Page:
Individuals choose to use contraception for many reasons:
●All contraceptives provide control over the timing of pregnancy and avoidance of unintended pregnancy
●Condoms provide protection from sexually transmitted infections
●Hormonal contraceptives provide noncontraceptive health benefits (table 1)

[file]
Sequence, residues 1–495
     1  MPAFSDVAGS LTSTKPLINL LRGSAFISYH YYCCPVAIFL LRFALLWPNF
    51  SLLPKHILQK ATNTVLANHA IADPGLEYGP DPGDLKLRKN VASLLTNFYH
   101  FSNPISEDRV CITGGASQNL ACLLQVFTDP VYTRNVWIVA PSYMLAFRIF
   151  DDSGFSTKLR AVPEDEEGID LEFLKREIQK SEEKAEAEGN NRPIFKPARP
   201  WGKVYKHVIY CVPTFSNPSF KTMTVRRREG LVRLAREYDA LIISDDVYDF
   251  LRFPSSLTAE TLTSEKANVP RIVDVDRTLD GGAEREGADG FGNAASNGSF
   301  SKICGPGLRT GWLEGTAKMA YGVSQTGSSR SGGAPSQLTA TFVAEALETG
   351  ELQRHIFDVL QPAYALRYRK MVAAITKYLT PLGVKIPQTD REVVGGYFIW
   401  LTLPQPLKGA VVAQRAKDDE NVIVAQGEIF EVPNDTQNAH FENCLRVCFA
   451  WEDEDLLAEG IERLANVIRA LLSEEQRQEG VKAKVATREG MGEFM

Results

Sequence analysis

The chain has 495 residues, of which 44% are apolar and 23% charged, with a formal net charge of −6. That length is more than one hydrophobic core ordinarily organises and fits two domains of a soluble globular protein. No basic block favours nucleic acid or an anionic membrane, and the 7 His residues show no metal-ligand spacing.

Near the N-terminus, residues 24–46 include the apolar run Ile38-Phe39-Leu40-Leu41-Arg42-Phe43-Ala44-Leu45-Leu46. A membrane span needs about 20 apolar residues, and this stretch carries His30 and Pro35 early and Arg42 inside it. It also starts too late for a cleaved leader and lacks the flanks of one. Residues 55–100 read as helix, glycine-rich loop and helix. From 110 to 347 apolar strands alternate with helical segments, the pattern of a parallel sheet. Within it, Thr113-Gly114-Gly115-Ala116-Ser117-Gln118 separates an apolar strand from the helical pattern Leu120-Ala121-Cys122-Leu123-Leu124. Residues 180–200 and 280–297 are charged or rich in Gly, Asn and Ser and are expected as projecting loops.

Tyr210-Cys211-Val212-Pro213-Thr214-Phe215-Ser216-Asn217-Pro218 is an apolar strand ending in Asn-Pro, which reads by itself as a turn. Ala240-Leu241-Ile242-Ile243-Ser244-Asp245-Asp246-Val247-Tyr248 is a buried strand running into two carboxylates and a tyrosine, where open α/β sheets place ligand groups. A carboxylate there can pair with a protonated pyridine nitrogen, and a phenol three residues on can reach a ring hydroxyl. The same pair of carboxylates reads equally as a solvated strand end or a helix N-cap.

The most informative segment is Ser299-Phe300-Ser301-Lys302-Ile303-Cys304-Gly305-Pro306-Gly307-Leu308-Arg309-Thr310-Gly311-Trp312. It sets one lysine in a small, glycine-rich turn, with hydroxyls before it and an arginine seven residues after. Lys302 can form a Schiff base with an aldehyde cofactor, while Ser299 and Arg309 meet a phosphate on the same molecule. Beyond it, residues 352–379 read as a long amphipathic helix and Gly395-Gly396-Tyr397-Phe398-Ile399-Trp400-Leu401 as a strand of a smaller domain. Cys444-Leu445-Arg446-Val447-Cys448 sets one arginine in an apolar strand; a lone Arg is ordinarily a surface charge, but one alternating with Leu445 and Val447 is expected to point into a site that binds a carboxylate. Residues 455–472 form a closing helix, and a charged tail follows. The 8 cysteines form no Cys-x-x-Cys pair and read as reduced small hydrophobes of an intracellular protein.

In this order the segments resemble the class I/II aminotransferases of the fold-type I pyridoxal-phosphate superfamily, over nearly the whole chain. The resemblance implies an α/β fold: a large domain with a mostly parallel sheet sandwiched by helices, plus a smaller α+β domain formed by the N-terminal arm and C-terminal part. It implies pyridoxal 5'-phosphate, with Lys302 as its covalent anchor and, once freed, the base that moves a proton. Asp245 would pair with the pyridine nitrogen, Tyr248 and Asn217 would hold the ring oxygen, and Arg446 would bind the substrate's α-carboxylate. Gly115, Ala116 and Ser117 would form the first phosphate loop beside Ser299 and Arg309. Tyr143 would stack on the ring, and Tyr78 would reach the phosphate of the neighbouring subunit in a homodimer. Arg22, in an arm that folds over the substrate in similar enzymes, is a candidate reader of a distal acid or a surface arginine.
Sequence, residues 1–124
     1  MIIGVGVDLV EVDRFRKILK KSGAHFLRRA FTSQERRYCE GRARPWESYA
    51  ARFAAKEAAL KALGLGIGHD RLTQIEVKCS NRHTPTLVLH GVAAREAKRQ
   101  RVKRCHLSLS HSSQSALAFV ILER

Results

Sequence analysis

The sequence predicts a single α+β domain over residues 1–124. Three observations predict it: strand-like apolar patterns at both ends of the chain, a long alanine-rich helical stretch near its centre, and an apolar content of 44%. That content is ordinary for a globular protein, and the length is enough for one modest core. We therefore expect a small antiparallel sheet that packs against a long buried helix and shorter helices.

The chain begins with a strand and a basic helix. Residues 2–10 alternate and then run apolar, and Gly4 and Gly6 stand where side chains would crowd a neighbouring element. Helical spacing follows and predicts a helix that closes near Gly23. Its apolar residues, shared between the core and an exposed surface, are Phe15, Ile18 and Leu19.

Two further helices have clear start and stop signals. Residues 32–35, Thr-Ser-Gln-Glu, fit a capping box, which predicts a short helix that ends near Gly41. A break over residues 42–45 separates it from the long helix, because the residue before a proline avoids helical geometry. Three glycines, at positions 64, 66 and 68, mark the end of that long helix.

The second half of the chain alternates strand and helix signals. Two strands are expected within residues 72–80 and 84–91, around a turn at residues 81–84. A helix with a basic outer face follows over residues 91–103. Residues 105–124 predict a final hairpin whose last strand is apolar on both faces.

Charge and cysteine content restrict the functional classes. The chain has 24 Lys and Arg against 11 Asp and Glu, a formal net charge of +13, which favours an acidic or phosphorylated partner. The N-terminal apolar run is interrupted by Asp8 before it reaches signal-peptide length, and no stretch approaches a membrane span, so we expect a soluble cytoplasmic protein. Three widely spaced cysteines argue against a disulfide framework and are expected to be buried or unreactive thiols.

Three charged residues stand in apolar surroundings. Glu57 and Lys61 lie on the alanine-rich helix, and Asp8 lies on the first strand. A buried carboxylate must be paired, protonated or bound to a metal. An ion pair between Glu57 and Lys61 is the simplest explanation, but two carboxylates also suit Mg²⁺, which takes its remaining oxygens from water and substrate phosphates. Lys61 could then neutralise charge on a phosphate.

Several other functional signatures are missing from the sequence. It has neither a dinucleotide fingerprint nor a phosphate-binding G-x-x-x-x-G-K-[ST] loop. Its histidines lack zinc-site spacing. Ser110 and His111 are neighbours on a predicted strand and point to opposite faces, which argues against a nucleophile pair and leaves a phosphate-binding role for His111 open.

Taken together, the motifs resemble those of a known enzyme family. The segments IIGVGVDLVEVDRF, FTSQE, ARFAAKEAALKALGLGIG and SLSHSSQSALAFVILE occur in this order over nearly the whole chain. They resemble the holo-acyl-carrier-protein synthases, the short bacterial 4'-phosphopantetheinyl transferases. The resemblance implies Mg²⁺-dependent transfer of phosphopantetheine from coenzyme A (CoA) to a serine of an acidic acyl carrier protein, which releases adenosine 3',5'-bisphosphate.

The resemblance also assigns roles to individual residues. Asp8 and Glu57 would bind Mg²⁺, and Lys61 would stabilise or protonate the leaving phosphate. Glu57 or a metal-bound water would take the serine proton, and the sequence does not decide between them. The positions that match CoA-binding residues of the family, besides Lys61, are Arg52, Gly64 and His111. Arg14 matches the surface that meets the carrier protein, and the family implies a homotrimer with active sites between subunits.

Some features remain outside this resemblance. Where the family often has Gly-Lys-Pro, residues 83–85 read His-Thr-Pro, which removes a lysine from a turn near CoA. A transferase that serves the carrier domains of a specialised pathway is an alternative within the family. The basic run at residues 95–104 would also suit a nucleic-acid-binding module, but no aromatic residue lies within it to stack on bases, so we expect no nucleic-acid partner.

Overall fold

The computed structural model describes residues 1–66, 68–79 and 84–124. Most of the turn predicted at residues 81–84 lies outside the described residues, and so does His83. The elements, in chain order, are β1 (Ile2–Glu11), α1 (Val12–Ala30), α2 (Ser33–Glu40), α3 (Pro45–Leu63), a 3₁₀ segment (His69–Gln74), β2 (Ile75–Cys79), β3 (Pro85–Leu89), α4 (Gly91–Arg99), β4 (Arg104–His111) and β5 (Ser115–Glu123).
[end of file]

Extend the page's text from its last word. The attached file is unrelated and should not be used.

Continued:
A systematic review estimated contraceptive prevalence among women of reproductive age who were married or in a union was 63 percent worldwide and 77 percent in the United States . Nevertheless, unintended pregnancy is a common problem. In a study from the Guttmacher Institute using data from several sources, 49 percent of the 6.7 million pregnancies in the United States in 2006 were unintended . About 5 percent of women of reproductive age had an unintended pregnancy that year, comprising 3.2 million pregnancies. The demographic characteristics of these women are shown in the table (table 2). Forty-three percent of the unintended pregnancies were terminated. These alarmingly high statistics occurred even though most women reported using some form of contraception . The high rate of unintended pregnancy despite contraception highlights the importance of understanding contraceptive efficacy in terms of typical, rather than perfect, use (see 'Effectiveness' below).